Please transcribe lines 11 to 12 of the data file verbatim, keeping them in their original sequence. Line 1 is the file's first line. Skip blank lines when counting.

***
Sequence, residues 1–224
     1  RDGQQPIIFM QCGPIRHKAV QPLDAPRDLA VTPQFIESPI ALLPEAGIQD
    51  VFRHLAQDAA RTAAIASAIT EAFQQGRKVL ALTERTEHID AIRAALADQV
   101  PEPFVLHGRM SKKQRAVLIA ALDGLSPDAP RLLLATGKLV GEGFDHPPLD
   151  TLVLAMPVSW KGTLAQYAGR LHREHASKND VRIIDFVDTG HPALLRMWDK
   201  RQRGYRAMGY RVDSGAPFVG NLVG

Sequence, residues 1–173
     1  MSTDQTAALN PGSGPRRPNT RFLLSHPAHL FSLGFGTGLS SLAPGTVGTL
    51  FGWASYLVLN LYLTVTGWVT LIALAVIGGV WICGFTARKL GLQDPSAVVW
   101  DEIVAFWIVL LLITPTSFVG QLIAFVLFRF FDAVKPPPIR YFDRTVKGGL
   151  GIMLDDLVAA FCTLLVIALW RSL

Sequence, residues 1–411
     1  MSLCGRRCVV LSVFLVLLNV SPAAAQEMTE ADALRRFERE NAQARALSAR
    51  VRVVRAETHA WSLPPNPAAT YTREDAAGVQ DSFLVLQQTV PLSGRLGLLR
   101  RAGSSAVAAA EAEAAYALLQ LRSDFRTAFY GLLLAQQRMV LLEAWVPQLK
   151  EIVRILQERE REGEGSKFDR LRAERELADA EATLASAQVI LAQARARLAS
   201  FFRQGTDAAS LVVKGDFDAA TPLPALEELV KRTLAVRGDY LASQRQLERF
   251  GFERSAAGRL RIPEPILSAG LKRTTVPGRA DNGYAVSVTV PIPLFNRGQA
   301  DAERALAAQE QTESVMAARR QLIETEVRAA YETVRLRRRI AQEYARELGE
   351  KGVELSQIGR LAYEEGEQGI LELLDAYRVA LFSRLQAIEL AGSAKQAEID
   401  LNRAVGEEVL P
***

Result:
   151  GIMLDDLVAA FCTLLVIALW RSL

Sequence, residues 1–411